Reform package from Senate
A week after the hearings, Senators Ortiz and George Runner unveiled a reform package for the stem cell program. It addresses many of the key complaints aired by CGS and our allies before and after the Proposition 71 campaign.
In a joint press statement, CGS and the Pro-Choice Alliance for Responsible Research expressed their support: "The voters of California passed Proposition 71 based on promises of widely available cures, high ethical standards, and public accountability. They did not vote for throwing out laws that prevent secret meetings and guard against conflicts of interest. We're glad to see the Senators stepping up to protect Californians, who are the investors in this multi-billion dollar experiment." Californians Aware, CalPIRG, and the Greenlining Institute are also backing the package.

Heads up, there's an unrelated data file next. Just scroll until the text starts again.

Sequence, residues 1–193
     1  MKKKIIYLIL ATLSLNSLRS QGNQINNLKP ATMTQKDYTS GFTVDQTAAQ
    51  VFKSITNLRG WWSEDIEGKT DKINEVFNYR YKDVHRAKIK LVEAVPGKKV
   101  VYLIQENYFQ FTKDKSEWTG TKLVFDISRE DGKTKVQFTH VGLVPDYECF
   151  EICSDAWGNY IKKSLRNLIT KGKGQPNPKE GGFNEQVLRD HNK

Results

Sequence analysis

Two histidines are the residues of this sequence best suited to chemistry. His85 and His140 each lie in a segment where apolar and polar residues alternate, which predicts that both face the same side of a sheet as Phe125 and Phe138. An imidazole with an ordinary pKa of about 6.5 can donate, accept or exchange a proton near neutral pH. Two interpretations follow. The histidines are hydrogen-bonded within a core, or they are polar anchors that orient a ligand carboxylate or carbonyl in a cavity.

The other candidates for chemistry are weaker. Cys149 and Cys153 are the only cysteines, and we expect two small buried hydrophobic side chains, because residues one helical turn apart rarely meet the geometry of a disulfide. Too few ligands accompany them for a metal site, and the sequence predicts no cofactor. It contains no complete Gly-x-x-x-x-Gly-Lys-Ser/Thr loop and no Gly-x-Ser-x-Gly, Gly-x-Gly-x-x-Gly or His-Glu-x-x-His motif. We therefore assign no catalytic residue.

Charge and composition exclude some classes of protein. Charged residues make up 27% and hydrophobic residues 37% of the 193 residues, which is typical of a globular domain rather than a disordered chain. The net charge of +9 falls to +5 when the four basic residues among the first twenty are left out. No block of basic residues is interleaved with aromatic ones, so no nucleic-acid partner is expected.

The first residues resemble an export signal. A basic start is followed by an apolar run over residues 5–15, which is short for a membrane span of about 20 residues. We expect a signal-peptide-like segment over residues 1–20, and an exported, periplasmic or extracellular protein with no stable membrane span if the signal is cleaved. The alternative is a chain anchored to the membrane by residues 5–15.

The legislative reforms would:
Place a three year moratorium on multiple egg extractions for research purposes
Strengthen informed consent requirements for providers of eggs for research
Bring conflict-of-interest provisions in line with those recently adopted by the National Institutes of Health
Subject the Working Groups to California's open meetings and public records laws - with reasonable exceptions
Make any treatments developed from the research available to California citizens at affordable costs
Ensure royalties to the state
Require a performance audit of the CIRM
In a press conference, Sen. Ortiz asserted that these changes will bring the law in line with what the voters were promised by the Proposition 71 campaign: "To maintain the public's confidence, the integrity of this important research and California's significant financial investment, we must make sure meetings are open to public scrutiny, strict conflict-of-interest and economic disclosure standards are developed, patients' rights are protected and the state receives a fair financial return on its generous investment…. These measures will uphold our promise to the public that Proposition 71 is implemented in an open, thoughtful and deliberative manner."
Because of the nature of Proposition 71, some of these reforms will require a two-thirds vote in both houses and then approval from the voters in a referendum, while others need simple majorities in both houses and the governor's signature.